Scientists peering back to the oldest light in the universe have new evidence for what happened within its first trillionth of a second, when the universe suddenly grew from submicroscopic to astronomical size in far less than a wink of the eye.
Using new data from a NASA satellite, scientists have the best evidence yet to support this scenario, known as "inflation." The evidence, from the Wilkinson Microwave Anisotropy Probe (WMAP) satellite, was gathered during three years of continuous observations of remnant afterglow light -- cosmic background radiation that lingers, much cooled, from the universe's energetic beginnings 13.7 billion years ago.
In 2003, NASA announced that the WMAP satellite had produced a detailed picture of the infant universe by measuring fluctuations in temperature of the afterglow -- answering many longstanding questions about the universe's age, composition and development. The WMAP team has built upon those results with a new measurement of the faint glare from the afterglow to obtain clues about the universe's first moments, when the seeds were sown for the formation of the first stars 400 million years later.
"It amazes me that we can say anything about what transpired within the first trillionth of a second of the universe, but we can," said Charles L. Bennett, WMAP principal investigator and a professor in the Henry A. Rowland Department of Physics and Astronomy at The Johns Hopkins University. "We have never before been able to understand the infant universe with such precision. It appears that the infant universe had the kind of growth spurt that would alarm any mom or dad."
The newly detected pattern, or polarization signal, in the glare of the afterglow is the weakest cosmological signal ever detected -- less than a hundredth of the strength of the temperature signal reported three years ago.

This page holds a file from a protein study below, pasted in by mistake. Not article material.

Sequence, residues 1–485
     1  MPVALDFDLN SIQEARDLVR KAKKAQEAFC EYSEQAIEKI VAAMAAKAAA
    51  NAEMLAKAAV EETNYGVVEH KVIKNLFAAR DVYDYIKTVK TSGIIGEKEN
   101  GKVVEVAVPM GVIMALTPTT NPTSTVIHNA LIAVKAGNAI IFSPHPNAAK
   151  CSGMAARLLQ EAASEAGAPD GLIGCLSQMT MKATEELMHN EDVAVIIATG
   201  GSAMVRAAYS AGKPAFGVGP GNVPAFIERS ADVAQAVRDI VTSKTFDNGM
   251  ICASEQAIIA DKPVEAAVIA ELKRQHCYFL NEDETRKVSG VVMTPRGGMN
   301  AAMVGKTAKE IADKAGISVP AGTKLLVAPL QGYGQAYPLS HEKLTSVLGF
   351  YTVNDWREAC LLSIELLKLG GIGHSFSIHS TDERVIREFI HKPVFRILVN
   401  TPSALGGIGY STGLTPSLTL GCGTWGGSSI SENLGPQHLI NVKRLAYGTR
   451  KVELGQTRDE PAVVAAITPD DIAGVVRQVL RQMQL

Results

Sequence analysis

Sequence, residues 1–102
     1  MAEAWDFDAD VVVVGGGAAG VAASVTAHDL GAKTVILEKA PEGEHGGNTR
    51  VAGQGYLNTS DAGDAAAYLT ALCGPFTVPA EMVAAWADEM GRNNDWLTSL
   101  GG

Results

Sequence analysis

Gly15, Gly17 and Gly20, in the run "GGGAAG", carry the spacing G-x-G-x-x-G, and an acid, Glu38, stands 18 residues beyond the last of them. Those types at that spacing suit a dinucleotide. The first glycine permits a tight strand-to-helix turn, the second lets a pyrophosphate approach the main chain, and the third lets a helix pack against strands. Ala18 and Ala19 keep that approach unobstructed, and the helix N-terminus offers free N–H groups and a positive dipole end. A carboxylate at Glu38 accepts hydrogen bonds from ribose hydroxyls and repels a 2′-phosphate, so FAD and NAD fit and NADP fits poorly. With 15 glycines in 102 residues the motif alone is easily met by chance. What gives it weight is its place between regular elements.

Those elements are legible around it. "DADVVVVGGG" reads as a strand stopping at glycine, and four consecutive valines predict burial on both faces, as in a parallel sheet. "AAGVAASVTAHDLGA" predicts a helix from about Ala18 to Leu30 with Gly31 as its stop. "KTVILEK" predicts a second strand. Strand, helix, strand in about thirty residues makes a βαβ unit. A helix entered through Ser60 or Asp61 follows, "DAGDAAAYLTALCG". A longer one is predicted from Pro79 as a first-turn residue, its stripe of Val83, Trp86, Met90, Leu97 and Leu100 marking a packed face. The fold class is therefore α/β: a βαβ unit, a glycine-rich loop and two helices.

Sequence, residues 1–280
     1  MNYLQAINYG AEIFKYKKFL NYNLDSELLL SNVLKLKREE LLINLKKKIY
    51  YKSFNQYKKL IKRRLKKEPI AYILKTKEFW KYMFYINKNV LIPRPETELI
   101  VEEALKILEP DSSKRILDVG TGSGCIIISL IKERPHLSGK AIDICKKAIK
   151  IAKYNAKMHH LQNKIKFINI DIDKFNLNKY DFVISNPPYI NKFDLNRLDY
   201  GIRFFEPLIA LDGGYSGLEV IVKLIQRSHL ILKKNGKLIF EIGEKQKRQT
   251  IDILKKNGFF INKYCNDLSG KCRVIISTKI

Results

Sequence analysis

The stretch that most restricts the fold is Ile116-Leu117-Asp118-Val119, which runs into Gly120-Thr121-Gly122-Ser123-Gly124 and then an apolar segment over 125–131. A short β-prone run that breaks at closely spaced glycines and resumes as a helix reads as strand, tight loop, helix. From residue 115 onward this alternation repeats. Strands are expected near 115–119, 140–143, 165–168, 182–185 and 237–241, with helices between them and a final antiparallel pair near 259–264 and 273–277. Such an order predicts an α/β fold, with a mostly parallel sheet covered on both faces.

"This is brand new territory," said Princeton University physicist Lyman Page, a WMAP team member. "We are quantifying the cosmos in a different way to open up a new window for understanding the universe in its earliest times."
Comparing the brightness of broad features to compact features in the afterglow light (like comparing the heights of short-distance ripples versus long-distance waves on a lake) helps tell the story of the infant universe. One long-held prediction was that the brightness would be the same for features of all sizes. In contrast, the simplest versions of inflation predict that the relative brightness decreases as the features get smaller. WMAP data are new evidence for the inflation prediction.
The new WMAP data, combined with other cosmology data, also support established theories on what has happened to matter and energy over the past 13.7 billion years since its inflation, according to the WMAP researchers. The result is a tightly constrained and consistent picture of how our universe grew from microscopic quantum fluctuations to enable the formation of stars, planets and life.
According to this picture, researchers say, only 4 percent of the universe is ordinary familiar atoms; another 22 percent is an as-yet unidentified dark matter, and 74 percent is a mysterious dark energy. That dark energy is now causing another growth spurt for the universe, fortunately, they say, more gentle than the one 13.7 billion years ago.
WMAP was launched on June 30, 2001, and is now a million miles from Earth in the direction opposite the sun. It is able to track temperature fluctuations at levels finer than a millionth of a degree. WMAP results have been submitted to the Astrophysical Journal.
The WMAP team includes researchers at the Goddard Space Flight Center in Greenbelt, Md.; The Johns Hopkins University; Princeton University; the Canadian Institute of Theoretical Astrophysics in Toronto; the University of Texas at Austin; Cornell University; the University of Chicago; Brown University; the University of British Columbia; the University of Pennsylvania; and the University of California, Los Angeles.
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